We will make the results of this survey available to the general public and concerned patients and partners everywhere.  

Thank you.

Sunday, February 10, 2013

Hallmark Please Create Hospice Cards

Do you keep all the cards you receive?  I do.  When I have spare time I even paste them into scrapbooks in all their lovely glory.  Behind each sentiment or floral cover, I cherish the words written by my friends.  I especially love the ones from my late husband with his signature and phrase. He ended each missive to me with the symbols: “Alpha, Omega. Infinity.”  Which means: you are my everything and I will love you forever. 

Those inside notes are priceless, but we should not forget the message that adorns each cover.  Do you peer at your cards and ponder the thoughts of the individual that made each purchase?  I do.  You see my mother rarely writes more than a sentence in every card she sends.  She does not think her words can say what she wishes to say.  So she ponders each card until she finds the perfect one that matches her love of her daughter.  She buys that one.  She mails that one.  I know to read the cover very carefully.

My mother depends on cards like the ones Hallmark makes to tell me how much she loves me. Due to the plethora of choice in the birthday card isle she always picks the perfect one.  And so it goes for my son’s births and other momentous events in my life.   But in the summer 2009 Hallmark failed my mother. 

Hallmark failed my husband too.  There are no hospice cards.  For two months after Fred was hospitalized we received a tower of “Get Well Soon” cards.  Fred rejoiced in each of these cards and they filled the hospital rooms, reminding Fred of all his friends who cared for him. 

When we went to hospice, the cards stopped.  We would get the occasional “Thinking of you” with the blank inside and few words from the sender.  Or God forbid, we would get a “Sympathy” card.   Fred raised his eyebrow with dark humor and would say: “I guess they don’t realize I am not dead yet.”

So recently, during a twitter chat sponsored by TEDMED, we were having a “Great Challenges” discussion about how to have an end of life conversation.  I suggested Hallmark needed to make hospice cards.  The group thought it an excellent idea, and I immediately set up a petition on

I encourage you to sign the petition here: Hallmark: Create Hospice Cards.

Soon people asked me why not start my own card line; after all I am an artist.  I responded, I was not doing this as business venture or as an attempt to have Hallmark use my work.  When I was asked how do we encourage people have “the conversation.”  I said the answer was Hallmark creating hospice cards.  They have an amazing reach into every corner of America.  If they create a card on this topic they will open up the conversation nationwide.

Some other people asked why a petition?  Why not ask Hallmark directly?  Well, I have been trying to do that for a year.  I called them directly and went through several layers of customer service and was told they would report the idea.  As I have several friends in the Kansas City area I also tried back channel contacts to no avail.  I have learned as an activist, sometimes you must be disruptive to be noticed.  Only when you are noticed can you be heard.

I began tweeting about the petition and Hallmark did respond that they had appropriate choices in their Gold Crown Stores.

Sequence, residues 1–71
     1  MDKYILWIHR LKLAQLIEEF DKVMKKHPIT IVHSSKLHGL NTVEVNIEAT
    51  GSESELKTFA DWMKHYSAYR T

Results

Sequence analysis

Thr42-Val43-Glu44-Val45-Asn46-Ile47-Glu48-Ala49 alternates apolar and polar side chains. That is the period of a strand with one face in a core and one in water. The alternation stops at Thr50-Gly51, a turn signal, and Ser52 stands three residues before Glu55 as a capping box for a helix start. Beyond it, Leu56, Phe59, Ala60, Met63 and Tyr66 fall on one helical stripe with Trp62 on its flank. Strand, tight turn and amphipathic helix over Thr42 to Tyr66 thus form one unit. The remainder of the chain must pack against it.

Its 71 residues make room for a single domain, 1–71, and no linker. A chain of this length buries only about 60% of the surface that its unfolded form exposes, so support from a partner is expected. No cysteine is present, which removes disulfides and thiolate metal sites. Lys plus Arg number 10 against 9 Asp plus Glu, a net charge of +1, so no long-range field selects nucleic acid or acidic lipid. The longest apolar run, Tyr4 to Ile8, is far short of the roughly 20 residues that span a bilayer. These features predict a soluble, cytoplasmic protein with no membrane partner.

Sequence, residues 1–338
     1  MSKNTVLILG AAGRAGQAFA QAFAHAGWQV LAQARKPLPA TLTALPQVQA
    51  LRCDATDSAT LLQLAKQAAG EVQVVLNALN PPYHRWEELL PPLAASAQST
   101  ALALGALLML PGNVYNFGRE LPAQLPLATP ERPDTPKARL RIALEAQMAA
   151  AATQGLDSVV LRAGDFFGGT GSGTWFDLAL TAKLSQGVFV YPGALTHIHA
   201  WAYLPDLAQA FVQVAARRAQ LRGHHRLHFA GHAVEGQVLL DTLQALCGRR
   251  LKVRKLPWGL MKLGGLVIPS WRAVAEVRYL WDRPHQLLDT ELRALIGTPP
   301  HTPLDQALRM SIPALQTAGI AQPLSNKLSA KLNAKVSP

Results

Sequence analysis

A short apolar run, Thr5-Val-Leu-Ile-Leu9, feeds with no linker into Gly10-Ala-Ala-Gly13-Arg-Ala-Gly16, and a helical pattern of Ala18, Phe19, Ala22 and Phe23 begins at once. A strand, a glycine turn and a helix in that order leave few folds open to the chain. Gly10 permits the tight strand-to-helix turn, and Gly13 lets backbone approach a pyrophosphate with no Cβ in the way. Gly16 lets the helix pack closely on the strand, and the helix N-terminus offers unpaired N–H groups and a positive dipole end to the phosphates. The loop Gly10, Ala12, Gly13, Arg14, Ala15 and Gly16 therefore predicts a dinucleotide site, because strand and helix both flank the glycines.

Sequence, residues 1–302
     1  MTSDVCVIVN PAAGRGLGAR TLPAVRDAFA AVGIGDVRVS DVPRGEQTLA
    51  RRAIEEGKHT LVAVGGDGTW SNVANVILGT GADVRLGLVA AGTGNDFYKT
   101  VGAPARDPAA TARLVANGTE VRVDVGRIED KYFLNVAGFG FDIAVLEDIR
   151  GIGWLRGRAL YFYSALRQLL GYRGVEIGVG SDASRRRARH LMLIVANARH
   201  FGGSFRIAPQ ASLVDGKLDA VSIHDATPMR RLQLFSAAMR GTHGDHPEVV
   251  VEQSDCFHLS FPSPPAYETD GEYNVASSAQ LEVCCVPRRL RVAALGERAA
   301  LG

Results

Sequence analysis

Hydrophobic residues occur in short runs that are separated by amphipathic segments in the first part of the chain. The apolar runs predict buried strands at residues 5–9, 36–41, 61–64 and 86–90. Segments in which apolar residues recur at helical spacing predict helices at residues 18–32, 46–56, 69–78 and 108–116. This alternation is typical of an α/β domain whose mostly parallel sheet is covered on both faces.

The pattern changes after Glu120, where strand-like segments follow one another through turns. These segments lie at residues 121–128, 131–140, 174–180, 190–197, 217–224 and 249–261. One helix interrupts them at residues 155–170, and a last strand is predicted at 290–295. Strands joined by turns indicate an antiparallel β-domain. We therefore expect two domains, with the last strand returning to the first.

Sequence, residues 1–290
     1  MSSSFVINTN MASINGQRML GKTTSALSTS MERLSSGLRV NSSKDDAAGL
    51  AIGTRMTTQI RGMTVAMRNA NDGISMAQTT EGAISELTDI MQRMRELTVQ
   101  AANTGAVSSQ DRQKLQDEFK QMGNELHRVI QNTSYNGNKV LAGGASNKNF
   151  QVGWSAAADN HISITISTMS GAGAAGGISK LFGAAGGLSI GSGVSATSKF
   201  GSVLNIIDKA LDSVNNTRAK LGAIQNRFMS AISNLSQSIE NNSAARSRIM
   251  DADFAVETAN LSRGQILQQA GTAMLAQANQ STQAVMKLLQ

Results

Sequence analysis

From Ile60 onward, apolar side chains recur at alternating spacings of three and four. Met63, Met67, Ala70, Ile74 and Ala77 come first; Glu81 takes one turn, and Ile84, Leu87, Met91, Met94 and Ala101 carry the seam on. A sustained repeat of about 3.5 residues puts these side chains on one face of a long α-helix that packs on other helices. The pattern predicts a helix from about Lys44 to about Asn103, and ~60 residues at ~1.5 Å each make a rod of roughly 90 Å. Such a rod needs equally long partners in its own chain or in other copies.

I used their internal search engine to find a hospice card and found nothing. Here is a screen shot of my search:

Soon after we had 50 people sign the petition and a Hallmark spokeswoman responded to us:

"We agree that a card can help people support loved ones going through difficult situations and their caregivers, and Hallmark has many choices for this need within several different card lines. If you're having trouble finding one, we suggest visiting a Hallmark Gold Crown store and asking a sales associate to help you find a card for someone in hospice care. Thank you for your caring hearts."
Linda Odell
Hallmark Newsroom

I don’t think this response really addresses our request.  I am well aware that Hallmark makes blank cards and all occasion cards.  We need cards about the end of a life just as much as we need cards at the beginning.  We need the script that Hallmark so lovingly provides in almost every other moment in a life.

We need a card that my mother can send, a card that will say all the important things.  For there are so many people like my mother in this world, so many people who can have this important conversation if Hallmark just leads the way. 

No one should die with an empty mailbox.  

Monday, February 4, 2013

Please comment: Patient Safety Action & Surveillance Plan being requested by ONC for HIT


"Health IT and Patient Safety

On December 21, 2012, the Office of the National Coordinator for Health Information Technology (ONC) issued the Health IT Patient Safety Action and Surveillance Planfor public comment.
The Department of Health and Human Services (HHS) is taking actions on health ITand patient safety. HHS is calling on the private sector to take actions as well. To address health IT and patient safety, a shared responsibility among the government, health IT industry, patient safety organizations and health care providers is needed to support a culture of safety.
The Health IT Safety Plan may be viewed here. All public comments must be submitted by February 4, 2013, 11:59 pm EST to Based on the public input, ONC will publish the final Health IT Safety Plan."

DID YOU KNOW YOU HAVE LESS THAN 24 HOURS TO COMMENT? : Patient Safety Action/Surveillance Plan for Public Comment that is being requested by Office of the National Coordinator for Health Information Technology.